Incorporated Law Society of Ireland v Carroll

JurisdictionIreland
JudgeBLAYNEY J.
Judgment Date01 January 1996
Neutral Citation1995 WJSC-SC 4879
CourtSupreme Court
Docket Number[1993 No. 8169P; S.C. Nos. 77, 78, 80 and 84 of 1995],77/95
Date01 January 1996
LAW SOCIETY OF IRELAND v. CARROLL
BETWEEN/
THE INCORPORATED LAW SOCIETY OF IRELAND
Plaintiff/Appellant

and

GODFREY CARROLL, EAMON CARROLL, JOHN CARROLL, ANNA-MARIE GOVERN AND CHRISTOPHER RYAN
Defendants/Respondents

1995 WJSC-SC 4879

Hamilton C.J.

Blayney J.

Denham J.

77/95
78/95
84/95

THE SUPREME COURT

Synopsis:

ACTION

Cause

Statute - Provisions - Conduct - Prohibition - Offence - Creation - Civil action brought by Law Society - Claim for order restraining defendant from repeating criminal offence - Claim for order restraining solicitor repeating prohibited act - Claims dismissed - Law Society without ~locus standi~ to protect public interest - Civil action by Law Society inappropriate for purpose of enforcing discipline within solicitors profession - Ministers and Secretaries Act, 1924, s. 6 - Solicitors Act, 1954, ss. 56, 59 - Solicitors (Amendment) Act, 1960, s. 7 - (77,78,84/95 - Supreme Court - 20/12/95) - [1995] 3 IR 165 - [1996] 2 ILRM 95

|Incorporated Law Society of Ireland v. Carroll|

ATTORNEY GENERAL

Functions

Public - Rights - Enforcement - Solicitors - Discipline - Method - Statutory domestic procedure - Law Society lacks ~locus standi~ to enforce public right by civil action - (77,78,84/95 - Supreme Court - 20/12/95) - [1995] 3 IR 165 - [1996] 2 ILRM 95

|Incorporated Law Society of Ireland v. Carroll|

LAW SOCIETY OF IRELAND

Functions

Limitation - Solicitors - Discipline - Enforcement - Method - Statutory domestic procedure - Society lacks ~locus standi~ to enforce public right by civil action - (77,78,84/95 - Supreme Court - 20/12/95) - [1995] 3 IR 165 - [1996] 2 ILRM 95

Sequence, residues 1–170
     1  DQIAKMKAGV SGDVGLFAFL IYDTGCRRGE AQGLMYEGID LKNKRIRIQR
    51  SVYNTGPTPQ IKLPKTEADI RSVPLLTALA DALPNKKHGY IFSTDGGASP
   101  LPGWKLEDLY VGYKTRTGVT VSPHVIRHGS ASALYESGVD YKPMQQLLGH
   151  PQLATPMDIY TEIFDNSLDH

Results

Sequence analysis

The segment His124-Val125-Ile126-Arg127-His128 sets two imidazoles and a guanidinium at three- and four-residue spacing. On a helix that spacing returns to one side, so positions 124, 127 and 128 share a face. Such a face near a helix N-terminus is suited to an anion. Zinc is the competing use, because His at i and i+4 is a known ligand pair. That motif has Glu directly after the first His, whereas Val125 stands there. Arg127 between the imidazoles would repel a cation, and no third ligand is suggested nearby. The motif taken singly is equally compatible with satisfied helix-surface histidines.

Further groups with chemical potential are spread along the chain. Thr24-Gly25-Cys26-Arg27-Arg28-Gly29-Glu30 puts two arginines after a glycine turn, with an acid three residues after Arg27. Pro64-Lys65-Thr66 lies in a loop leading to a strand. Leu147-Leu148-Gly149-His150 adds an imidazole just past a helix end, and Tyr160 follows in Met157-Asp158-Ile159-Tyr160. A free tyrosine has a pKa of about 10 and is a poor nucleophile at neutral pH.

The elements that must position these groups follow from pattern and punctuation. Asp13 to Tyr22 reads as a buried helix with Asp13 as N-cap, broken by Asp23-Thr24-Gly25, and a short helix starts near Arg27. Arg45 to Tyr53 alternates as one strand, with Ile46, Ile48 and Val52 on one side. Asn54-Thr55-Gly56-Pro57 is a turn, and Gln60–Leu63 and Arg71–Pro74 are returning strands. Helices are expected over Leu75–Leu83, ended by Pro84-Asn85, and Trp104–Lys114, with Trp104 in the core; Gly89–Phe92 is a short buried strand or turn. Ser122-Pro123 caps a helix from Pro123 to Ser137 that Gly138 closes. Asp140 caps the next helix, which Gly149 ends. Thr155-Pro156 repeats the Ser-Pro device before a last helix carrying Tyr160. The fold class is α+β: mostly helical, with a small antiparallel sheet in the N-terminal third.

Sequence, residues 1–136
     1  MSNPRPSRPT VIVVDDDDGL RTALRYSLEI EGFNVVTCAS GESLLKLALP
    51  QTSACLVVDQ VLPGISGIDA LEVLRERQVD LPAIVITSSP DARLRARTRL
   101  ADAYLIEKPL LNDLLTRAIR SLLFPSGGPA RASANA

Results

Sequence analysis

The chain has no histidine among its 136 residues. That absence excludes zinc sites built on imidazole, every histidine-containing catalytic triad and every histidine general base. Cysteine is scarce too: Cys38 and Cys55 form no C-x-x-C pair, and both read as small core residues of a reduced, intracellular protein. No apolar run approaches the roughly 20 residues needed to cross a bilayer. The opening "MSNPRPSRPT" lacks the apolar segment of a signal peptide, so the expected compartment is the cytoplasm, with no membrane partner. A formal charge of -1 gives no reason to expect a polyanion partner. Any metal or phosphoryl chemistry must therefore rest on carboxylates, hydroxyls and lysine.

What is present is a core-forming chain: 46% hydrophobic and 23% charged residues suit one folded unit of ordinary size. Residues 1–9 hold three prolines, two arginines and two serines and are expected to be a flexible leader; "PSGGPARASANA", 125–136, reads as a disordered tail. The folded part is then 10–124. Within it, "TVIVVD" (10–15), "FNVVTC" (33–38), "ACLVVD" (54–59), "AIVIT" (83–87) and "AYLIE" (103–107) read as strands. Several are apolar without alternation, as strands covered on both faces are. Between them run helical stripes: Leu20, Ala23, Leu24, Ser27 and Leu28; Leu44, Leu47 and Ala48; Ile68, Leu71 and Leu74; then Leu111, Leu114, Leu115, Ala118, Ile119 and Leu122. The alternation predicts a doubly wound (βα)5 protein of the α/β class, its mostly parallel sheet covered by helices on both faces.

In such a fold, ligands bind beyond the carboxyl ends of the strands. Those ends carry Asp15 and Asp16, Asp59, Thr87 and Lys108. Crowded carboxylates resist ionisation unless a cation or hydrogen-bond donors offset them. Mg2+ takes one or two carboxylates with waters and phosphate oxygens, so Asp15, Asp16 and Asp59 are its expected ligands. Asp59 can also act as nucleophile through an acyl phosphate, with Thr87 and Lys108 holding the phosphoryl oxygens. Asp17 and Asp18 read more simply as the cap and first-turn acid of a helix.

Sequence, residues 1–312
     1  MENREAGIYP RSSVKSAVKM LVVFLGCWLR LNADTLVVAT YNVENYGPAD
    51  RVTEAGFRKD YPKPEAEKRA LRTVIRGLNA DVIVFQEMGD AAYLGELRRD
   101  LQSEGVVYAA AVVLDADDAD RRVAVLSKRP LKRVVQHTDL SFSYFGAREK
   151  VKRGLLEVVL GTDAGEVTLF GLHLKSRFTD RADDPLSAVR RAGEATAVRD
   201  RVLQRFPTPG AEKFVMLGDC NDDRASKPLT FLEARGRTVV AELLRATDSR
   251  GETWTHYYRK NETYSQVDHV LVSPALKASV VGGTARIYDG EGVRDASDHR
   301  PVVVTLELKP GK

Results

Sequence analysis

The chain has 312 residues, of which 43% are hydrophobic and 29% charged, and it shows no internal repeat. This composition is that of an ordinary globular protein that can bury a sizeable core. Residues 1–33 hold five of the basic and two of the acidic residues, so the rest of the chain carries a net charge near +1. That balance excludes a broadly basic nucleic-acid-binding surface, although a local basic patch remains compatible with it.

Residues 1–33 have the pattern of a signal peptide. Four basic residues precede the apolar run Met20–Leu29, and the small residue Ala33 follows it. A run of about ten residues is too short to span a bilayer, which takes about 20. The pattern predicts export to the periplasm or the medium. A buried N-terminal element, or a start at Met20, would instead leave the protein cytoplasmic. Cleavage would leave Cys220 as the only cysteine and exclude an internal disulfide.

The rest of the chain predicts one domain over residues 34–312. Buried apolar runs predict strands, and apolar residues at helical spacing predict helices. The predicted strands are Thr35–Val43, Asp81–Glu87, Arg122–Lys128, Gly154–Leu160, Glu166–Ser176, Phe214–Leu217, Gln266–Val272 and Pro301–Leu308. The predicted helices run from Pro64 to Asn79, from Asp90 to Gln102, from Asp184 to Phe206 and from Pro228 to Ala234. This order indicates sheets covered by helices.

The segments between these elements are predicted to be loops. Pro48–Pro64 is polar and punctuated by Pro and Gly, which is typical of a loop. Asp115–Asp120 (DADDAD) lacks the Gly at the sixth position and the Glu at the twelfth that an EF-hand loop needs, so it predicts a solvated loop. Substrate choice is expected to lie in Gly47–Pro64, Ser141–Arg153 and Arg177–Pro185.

|Incorporated Law Society of Ireland v. Carroll|

PRACTICE

Parties

~Locus standi~ - Public - Rights - Enforcement - Method - Statutory domestic procedure - Society lacks ~locus standi~ to enforce public right by civil action - (77,78,84/95 - Supreme Court - 20/12/95) - [1995] 3 IR 165 - [1996] 2 ILRM 95

|Incorporated Law Society of Ireland v. Carroll|

WORDS AND PHRASES

"Public right"

Enforcement - Attorney General - Function - Solicitors - Discipline - Method - Statutory domestic procedure - Society lacks ~locus standi~ to enforce public right by civil action - (77,78,84/95 - Supreme Court - 20/12/95)1995 3 IR 165 1996 2 ILRM 95

|Incorporated Law Society of Ireland v. Carroll|

PROFESSIONS

Solicitors

Discipline - Enforcement - Method - Statutory domestic procedure - Society lacks ~locus standi~ to enforce public right by civil action - (77,78,84/95 - Supreme Court - 20/12/95) - [1995] 3 IR 165

|Incorporated Law Society of Ireland v. Carroll|

Citations:

SOLICITORS ACT 1954 S56(1)

SOLICITORS (AMDT) ACT 1994 S64

SOLICITORS ACT 1954 S59

SOLICITORS ACT 1954 S59(1)

AG V PAPERLINK 1984 ILRM 373

GOURIET V UPW 1978 AC 435

GOODMAN INTERNATIONAL LTD V HAMILTON 1992 2 IR 542

SOLICITORS ACT 1954 S77(1)

MOORE V AG 1930 IR 471

SPUC V COOGAN 1990 ILRM 70

CONSTITUTION ART 30

MINISTERS & SECRETARIES ACT 1934 S6

CASEY OFFICE OF THE ATTORNEY GENERAL IN IRELAND 149

SOLICITORS (AMDT) ACT 1960 S7(1)

SOLICITORS (AMDT) ACT 1994 S17

1

20th day of December 1995 by BLAYNEY J. [NEM DISS]

2

The first named and the third named defendants/respondents, Godfrey Carroll and John Carroll are the directors of and shareholders in a company called Associated Consultants Compensation Services Limited, a limited liability company incorporated on the 14th February 1990 which trades under the name or style of "Accident Claims Service" (abbreviated to ACS). The business of ACS is carried on at 109 Lr. Dorset Street in the city of Dublin. Its advertisements indicate that it offers a service in regard to "compensation for injuries", that no fee is charged for advice, and that no fee is charged "unless successful".

3

The second named defendant/respondent, Eamon Carroll, is a solicitor's apprentice and at the time of the institution of these proceedings was apprenticed to the fifth named defendant/respondent, Christopher Ryan, who is a solicitor. The first three defendants/respondents are brothers. The fourth named defendant/respondent Anna-Marie Govern is employed by ACS as a secretary/receptionist.

4

The plaintiff/appellant (hereinafter called the Law Society) instituted these proceedings on the 3rd December 1993. Its claim against the first four defendants is that in and during the preceding three years these defendants, in the course of carrying on the business of ACS, represented themselves to members of the public as being solicitors practising in association with each other under the style of ACS and/or in association with Mr. Ryan under the name and style of Chris Ryan and Co. It was pleaded that in making such representations they were acting in breach of s. 56(1) of the Solicitors Act, 1954which provides as follows:-

5